To encourage players not to just whack their way to victory with a weapon in every fight, Zoink introduces several different enemy types, including late-game enemies that hurt you if you strike them with a melee weapon. Nonetheless, I stuck with a few favorite strategies and simple combos for basically my whole playthrough. However, it didn’t bother me because I enjoyed the fighting. It’s ultimately pretty fun and novel, and it’s fertile soil for a bigger, better sequel, if Zoink were to pursue that option.
With rare exception, the boss fights are pretty similar to standard battles in that they are still fights against mobs, except there’s a boss with more health and attacks to handle. However, Lost in Random is pretty forgiving about damage (though collision detection can be a bit weird sometimes). As long as you keep a couple potions in your deck, the challenge should never become overwhelming. If you do need extra help though, you can shift to an easier “story” difficulty whenever you’d like.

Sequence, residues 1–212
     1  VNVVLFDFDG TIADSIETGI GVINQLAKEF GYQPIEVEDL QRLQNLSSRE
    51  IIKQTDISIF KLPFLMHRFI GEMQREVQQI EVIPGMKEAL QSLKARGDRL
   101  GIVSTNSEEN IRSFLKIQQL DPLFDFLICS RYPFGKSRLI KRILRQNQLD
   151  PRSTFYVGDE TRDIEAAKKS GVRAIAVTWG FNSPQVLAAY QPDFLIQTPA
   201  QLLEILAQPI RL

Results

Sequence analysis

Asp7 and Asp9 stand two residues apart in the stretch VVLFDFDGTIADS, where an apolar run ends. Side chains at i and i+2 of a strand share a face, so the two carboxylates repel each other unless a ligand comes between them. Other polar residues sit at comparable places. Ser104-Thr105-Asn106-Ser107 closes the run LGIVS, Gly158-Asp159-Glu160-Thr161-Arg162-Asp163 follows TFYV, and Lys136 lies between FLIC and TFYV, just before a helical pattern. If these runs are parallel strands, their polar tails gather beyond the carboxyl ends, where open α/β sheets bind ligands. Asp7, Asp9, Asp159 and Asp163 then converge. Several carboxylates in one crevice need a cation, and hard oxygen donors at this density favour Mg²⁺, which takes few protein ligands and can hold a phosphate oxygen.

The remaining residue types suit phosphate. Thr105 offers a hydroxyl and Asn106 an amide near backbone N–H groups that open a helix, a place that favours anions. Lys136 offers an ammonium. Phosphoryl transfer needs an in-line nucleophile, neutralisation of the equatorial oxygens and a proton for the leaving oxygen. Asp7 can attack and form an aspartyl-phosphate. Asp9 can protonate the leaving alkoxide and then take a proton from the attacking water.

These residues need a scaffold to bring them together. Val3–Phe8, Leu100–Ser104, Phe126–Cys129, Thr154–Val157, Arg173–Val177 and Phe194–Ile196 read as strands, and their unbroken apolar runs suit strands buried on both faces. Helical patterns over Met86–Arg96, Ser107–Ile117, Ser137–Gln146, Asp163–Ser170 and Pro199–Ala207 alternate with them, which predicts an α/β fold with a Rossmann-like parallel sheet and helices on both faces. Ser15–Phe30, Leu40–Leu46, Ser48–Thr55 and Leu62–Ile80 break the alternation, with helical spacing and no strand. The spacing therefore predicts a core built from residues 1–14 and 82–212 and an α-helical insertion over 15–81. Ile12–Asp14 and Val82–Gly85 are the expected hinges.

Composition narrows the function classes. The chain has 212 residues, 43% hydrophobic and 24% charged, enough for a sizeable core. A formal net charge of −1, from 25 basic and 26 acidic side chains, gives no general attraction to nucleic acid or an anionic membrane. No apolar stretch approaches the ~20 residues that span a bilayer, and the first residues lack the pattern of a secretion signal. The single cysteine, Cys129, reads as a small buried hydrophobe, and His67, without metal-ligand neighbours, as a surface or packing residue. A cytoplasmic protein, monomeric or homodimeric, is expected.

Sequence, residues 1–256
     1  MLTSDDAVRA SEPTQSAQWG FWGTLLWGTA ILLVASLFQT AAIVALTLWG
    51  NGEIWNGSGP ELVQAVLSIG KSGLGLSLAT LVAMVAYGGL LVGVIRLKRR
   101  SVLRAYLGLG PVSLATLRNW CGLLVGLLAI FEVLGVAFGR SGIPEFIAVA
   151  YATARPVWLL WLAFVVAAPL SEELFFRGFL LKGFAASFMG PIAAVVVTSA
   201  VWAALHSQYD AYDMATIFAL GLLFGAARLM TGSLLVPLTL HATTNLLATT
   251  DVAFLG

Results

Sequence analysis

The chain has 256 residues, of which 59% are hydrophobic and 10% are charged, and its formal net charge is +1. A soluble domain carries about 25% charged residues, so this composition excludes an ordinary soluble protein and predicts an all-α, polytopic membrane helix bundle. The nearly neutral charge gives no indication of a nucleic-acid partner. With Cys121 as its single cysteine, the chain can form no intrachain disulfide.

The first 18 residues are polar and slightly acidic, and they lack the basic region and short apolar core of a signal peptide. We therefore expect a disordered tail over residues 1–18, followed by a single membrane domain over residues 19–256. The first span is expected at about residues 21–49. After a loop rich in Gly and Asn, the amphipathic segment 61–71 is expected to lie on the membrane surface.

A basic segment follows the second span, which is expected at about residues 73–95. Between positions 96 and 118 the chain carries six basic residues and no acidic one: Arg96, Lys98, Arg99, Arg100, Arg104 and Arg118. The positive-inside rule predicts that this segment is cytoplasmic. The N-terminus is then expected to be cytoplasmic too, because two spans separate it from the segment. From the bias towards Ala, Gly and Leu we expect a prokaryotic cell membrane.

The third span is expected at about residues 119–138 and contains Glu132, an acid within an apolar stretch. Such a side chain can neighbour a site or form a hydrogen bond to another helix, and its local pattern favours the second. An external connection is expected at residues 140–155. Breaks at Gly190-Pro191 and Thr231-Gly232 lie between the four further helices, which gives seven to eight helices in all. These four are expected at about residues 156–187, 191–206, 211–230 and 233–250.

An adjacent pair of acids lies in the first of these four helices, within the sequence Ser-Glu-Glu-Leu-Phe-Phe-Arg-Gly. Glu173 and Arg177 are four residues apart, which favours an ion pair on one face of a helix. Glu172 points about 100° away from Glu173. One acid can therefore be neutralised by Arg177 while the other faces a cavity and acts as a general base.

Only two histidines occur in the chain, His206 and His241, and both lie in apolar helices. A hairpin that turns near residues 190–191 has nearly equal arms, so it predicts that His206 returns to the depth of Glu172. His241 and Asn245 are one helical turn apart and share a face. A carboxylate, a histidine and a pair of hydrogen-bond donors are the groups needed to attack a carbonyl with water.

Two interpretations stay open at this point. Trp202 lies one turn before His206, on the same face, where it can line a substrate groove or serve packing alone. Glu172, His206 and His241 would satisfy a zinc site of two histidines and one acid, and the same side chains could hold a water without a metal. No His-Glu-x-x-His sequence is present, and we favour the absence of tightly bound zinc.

The one way Lost in Random tries to make battle more dynamic is with occasional “board game” challenges, where your dice rolls have the added effect of moving a game piece around a giant game board. There are different stipulations to winning these board games (and mobs of enemies will be swarming you as usual all the while), but most of them frankly feel superfluous and half-baked. There’s a kernel of a good idea here, but I only actually enjoyed two of them. But again, it’s a great place for a potential sequel to improve.
Lost in Random is fun, plain and simple
Ultimately, Lost in Random succeeds at telling a modern coming-of-age dark fairy tale that can be enjoyed by players of almost all ages, and the character and world design perfectly complements the zany and clever writing and voice acting. The gameplay is likewise unique and engaging, and even though combat doesn’t offer extreme depth or challenge, it fits the scope of the adventure. However, the graphics and lighting suffer on Nintendo Switch, and if you have the ability to play it on another platform, you probably should.
A Nintendo Switch review code for Lost in Random was provided by the publisher.